Returning to The Swede’s to get the sled and some help to get the bear out of the woods, we used the winch on the ATV to drag the bear to the top of the ridge. While The Swede and his wife gutted the bear, The Swede’s dandy little daughter was helping to hold the bear in position and poking around in the guts and such. She grabbed a flap of the bear’s leaf fat and asked “Daddy, can I have the fat?” There are not too many teenage girls who want to make bear fat into bullet lube and boot dressing, but Yooper girls are different. Meg loads her own ammo, has her own Dillon press, and can outshoot any teenage boy that I know. When her mom later pointed out that she had blood on her jeans, she casually replied, “I don’t mind. That’s just an accessory”, as she stood there smiling with a sixgun on her hip.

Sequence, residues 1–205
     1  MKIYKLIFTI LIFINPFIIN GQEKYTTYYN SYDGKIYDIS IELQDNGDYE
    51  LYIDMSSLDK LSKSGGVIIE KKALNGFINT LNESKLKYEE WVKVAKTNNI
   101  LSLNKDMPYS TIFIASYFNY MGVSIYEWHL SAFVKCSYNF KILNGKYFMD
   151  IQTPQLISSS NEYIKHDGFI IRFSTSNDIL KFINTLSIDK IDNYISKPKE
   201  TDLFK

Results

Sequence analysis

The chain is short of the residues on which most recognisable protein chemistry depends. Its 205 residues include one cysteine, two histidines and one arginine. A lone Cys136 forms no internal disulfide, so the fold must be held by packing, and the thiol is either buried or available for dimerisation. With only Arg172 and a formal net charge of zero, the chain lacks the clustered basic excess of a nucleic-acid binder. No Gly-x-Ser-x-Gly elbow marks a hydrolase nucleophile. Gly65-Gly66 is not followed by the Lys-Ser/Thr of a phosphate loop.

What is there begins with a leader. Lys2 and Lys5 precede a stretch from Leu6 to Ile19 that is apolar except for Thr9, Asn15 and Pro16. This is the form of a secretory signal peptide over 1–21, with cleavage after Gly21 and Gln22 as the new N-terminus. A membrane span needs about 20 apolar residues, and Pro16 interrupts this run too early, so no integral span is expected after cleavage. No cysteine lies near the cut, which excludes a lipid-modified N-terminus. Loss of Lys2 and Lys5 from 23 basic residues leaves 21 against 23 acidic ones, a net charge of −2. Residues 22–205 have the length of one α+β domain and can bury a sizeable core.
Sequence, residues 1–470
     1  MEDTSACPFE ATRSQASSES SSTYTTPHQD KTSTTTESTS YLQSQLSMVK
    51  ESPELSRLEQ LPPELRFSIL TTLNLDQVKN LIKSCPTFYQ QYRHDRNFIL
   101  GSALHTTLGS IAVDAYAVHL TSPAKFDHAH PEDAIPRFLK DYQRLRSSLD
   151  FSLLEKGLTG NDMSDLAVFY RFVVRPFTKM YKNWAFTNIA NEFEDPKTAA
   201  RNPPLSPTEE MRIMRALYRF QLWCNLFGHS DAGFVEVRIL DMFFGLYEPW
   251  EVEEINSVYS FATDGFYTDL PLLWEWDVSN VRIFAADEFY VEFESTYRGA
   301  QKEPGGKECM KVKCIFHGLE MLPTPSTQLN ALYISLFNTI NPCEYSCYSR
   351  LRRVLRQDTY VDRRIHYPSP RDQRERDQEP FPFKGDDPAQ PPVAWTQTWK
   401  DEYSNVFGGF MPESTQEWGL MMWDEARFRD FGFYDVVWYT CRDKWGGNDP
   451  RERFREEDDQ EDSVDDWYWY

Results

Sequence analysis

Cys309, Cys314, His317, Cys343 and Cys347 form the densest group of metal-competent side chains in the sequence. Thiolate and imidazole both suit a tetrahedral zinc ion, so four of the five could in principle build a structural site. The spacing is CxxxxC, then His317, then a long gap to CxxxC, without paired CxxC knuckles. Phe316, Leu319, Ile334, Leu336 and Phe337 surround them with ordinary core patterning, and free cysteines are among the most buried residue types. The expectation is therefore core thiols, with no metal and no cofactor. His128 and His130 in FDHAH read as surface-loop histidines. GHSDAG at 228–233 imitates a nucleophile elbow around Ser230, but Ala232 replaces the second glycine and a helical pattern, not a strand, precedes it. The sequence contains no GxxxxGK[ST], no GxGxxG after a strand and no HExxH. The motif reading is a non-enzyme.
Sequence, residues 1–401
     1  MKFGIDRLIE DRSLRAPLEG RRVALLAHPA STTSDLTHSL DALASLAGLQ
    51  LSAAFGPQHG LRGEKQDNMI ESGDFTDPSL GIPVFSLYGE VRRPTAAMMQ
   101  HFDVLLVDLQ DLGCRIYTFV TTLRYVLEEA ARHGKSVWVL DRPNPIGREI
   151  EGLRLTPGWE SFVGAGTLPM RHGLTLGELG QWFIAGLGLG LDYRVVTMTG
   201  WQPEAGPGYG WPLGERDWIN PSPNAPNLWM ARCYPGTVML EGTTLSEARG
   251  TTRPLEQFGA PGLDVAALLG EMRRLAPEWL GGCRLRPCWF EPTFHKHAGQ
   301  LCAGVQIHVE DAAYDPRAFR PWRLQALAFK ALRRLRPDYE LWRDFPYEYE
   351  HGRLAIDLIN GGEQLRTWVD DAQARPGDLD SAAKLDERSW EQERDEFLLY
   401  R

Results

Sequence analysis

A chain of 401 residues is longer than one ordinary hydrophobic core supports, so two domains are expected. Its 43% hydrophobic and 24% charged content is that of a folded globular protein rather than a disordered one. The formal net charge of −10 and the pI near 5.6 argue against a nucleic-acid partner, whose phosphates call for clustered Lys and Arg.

We had a great time visiting in the U.P. The Swede’s wife fed us real good on Cudaghi, fresh eggs, bacon, pancakes, steaks, and the best blueberry pie that I have ever slid down my neck. It was a great trip and a perfect bear hunt, and I look forward to going back again.

Check out the Leupold HAMR and other quality optics online at www.leupold.com.

Jeff Quinn

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Click pictures for a larger version.


The Swede and his family.



Hunting area, in Michigan's beautiful Upper Peninsula.



The Swede's blind, as seen from the bear's perspective.



The Swede shooting the HAMR-equipped 50 Beowulf.



400-grain Sierra jacketed flat-nose bullet recovered from bear.



HAMR mounted atop an Alexander Arms 50 Beowulf rifle.



50 Beowulf.






DeltaPoint is easily adjusted.